leadership felt the telegraphers had acted impulsively and without
sufficient preparation. The Brotherhood soon withdrew from the
Knights; and union activity reverted to local groups. Yet by 1885
there was a new organization, the Telegraphers' Union of America,
which rejoined the Knights in 1886. This seems to have faded away by
the early 1890s along with the Knights. Railroad telegraphers formed
the Order of Railway Telegraphers in 1886. An Order of Commercial
Telegraphers was formed in 1890 but never amounted to much, and allied
itself with the railway telegraphers in 1897-98. The next attempt to
form a union didn't happen until 1907, with the Commercial
Telegraphers' Union of America, which also suffered disaster in a
strike against Western Union.
Gabler concludes with a discussion of a number of labor and political
issues affecting telegraphers. One of the Brotherhood's demands had
been equal pay for equal work, male and female. This seems to have
been widely hailed as the Right Thing to do. I wonder whether the
male telegraphers supported the demand because it was right; or if
they supported it because they knew if the companies had to pay men
and women the same they would hire only men.
Some wanted a craft union, with membership limited to telegraphers,
with an apprenticeship program that would raise the quality of
operators while reducing their numbers. There was some interest in
government licensing of operators. Others favored an industrial
union, open to all Western Union employees. Some objected to the
secret fraternal rites that were a feature of the Knights of Labor;
Catholic workers were forbidden to become members of secret
organizations of any kind. The operators wanted to protect their new
middle-class image by being models of respectability and sobriety;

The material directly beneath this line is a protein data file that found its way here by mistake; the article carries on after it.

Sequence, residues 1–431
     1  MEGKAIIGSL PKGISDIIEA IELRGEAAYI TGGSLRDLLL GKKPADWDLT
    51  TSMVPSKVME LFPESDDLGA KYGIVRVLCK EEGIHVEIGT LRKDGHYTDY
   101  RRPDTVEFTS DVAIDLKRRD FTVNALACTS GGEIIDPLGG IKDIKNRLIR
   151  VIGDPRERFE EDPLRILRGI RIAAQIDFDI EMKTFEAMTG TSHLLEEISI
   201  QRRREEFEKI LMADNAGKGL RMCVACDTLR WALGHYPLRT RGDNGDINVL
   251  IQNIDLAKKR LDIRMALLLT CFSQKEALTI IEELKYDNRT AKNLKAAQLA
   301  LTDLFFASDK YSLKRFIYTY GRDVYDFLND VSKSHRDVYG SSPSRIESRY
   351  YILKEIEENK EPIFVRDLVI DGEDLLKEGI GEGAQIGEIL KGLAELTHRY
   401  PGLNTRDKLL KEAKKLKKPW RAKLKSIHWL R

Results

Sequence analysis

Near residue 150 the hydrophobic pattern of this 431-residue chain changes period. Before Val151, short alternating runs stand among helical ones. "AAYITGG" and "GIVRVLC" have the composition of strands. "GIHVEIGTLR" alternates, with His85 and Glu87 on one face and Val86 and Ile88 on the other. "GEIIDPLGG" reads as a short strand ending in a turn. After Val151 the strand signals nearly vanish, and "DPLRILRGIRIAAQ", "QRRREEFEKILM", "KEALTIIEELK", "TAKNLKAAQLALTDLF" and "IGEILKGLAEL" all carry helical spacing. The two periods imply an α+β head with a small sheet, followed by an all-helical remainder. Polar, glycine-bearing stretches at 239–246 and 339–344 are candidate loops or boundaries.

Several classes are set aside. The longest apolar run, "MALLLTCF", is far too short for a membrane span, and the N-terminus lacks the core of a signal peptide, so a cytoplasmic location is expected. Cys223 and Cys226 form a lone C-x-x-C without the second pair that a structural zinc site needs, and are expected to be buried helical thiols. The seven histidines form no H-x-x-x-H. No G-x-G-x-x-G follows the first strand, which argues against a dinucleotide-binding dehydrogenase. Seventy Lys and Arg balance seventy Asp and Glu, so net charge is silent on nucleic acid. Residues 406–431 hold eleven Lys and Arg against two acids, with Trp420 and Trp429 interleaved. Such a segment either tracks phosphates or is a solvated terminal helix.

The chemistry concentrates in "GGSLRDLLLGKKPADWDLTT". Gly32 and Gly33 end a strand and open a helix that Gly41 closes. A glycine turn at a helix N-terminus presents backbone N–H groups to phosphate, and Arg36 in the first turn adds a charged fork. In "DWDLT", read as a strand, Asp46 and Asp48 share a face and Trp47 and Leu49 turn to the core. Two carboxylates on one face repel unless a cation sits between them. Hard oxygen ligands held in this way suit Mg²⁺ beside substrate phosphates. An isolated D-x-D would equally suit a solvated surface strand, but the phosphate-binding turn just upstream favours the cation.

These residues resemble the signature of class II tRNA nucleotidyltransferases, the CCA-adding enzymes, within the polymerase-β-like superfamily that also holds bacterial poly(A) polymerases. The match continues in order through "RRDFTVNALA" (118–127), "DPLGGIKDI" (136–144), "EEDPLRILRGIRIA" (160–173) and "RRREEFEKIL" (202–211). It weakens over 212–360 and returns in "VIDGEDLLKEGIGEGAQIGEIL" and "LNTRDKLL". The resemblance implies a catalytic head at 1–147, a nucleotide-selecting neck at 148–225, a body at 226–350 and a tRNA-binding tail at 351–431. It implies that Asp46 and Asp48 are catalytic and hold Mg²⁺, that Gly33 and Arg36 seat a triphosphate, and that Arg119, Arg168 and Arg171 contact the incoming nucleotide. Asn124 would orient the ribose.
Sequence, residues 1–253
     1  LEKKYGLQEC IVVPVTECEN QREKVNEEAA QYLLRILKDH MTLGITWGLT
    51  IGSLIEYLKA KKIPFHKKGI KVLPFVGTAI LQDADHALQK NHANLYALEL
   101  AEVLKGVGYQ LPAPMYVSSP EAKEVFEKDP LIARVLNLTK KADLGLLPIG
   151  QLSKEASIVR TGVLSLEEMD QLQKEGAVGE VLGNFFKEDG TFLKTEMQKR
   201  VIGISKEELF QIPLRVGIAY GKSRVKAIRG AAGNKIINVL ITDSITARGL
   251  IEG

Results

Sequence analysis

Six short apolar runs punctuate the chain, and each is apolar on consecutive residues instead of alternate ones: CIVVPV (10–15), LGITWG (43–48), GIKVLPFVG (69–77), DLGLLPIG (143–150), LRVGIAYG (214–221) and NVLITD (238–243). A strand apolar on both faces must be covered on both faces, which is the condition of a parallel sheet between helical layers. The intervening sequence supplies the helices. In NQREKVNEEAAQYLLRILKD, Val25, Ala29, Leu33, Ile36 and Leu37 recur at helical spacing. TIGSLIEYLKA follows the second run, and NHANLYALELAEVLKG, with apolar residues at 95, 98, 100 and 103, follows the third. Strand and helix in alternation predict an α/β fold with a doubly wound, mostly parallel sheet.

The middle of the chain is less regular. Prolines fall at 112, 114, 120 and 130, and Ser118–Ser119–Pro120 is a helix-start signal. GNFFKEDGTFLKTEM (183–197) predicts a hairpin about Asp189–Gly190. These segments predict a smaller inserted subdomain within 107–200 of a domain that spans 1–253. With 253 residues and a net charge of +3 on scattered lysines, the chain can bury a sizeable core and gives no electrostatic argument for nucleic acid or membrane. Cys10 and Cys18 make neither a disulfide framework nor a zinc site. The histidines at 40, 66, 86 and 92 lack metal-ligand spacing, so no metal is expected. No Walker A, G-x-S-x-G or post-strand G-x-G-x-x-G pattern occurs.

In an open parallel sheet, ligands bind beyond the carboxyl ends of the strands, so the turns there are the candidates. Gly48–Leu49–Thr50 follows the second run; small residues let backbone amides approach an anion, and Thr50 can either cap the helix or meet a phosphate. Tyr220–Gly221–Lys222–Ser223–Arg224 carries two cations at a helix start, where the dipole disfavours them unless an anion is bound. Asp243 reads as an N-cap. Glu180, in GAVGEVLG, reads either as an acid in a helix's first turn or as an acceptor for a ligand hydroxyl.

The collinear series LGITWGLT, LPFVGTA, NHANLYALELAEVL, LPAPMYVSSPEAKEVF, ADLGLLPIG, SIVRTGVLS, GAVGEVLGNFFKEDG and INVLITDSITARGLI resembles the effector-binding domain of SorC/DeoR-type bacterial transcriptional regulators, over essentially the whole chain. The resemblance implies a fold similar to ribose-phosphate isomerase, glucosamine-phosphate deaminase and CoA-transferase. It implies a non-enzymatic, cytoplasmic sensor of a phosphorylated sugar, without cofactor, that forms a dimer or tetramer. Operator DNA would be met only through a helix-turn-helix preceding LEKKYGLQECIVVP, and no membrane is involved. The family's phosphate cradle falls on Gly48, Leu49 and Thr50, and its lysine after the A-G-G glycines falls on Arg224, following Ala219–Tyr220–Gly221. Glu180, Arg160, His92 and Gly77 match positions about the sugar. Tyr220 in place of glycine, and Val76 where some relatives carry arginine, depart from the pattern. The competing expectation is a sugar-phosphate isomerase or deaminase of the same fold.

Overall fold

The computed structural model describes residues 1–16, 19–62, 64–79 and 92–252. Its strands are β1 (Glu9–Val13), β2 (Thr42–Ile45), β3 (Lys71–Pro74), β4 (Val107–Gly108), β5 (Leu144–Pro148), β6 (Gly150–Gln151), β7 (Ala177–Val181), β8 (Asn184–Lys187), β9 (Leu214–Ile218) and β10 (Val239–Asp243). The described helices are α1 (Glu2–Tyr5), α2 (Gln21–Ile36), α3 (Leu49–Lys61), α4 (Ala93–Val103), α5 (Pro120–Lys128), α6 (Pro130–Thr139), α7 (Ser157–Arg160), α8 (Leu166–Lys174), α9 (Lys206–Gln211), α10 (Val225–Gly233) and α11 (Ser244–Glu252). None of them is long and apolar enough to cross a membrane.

some of the linemen on the other hand had no scruples about cutting
wires to increase pressure on the companies during a strike. Some
felt that telegraphy should be a government monopoly, as was and still
is the norm in Europe. Some saw salvation in a worker-owned
cooperative, if they could only convince the banks or the government
to put up the money necessary to establish the system. Others sought
to improve the status of the working classes through political action;
quite a number were attracted to the United Labor Party of Henry
George. A hundred years later issues like these are still with us.
Dr. Gabler had access to a vast amount of material: census records,
archives of the telegraph companies, contemporary newspaper accounts,
magazines published for the edification and amusement of operators,
and even novels in which telegraphers were used as characters. The
footnotes and bibliography take up 48 pages. One page in the book is
an illustration of advertisements in a telegraphers' magazine of 1883.
They include a book on shorthand, a book of money-making secrets, a
book on the mysteries of love-making, a book on fortune telling, watch
charms with microscopic pictures, a book of advice to the unmarried, a
package of stationery, a book on politeness, a book of letters for all
occasions, playing cards with marked backs, a book of magic tricks, a
book on business, and a book on ballroom dancing. The theme is that
these appealed to working-class young adults who felt a need to learn
how to behave properly as members of the middle-class.
A number of telegraph operators rose to prominence. Thomas Edison and
Andrew Carnegie are the best known; Theodore N. Vail was a founder of
AT&T; others found success in business or politics; and almost all the
upper management of Western Union was drawn from the ranks of
operators. In 1885 there were five doctors and one dentist
moonlighting as telegraph operators -- maybe medicine and dentistry
didn't pay all that well in those days.
Thomas Edison, as a young telegrapher in the 1860s, would work a full
day and then stay in the office at night, listening to a press circuit
to get high speed code practice. Later he worked the Boston end of a
New York circuit with an operator named Jerry Borst. Operators formed
friendships with their counterparts at the other end of the wires.
The telegraph companies insisted that operators should work at
whatever circuits they were assigned. Edison and Borst conspired to
change three characters of the code, so that nobody else could copy
their transmissions and they could always work together. Cockroaches
were such a problem in the office that Edison devised a bug zapper to
protect his lunch from the little beasties.
Friendships over the wires were nourished during lulls in traffic by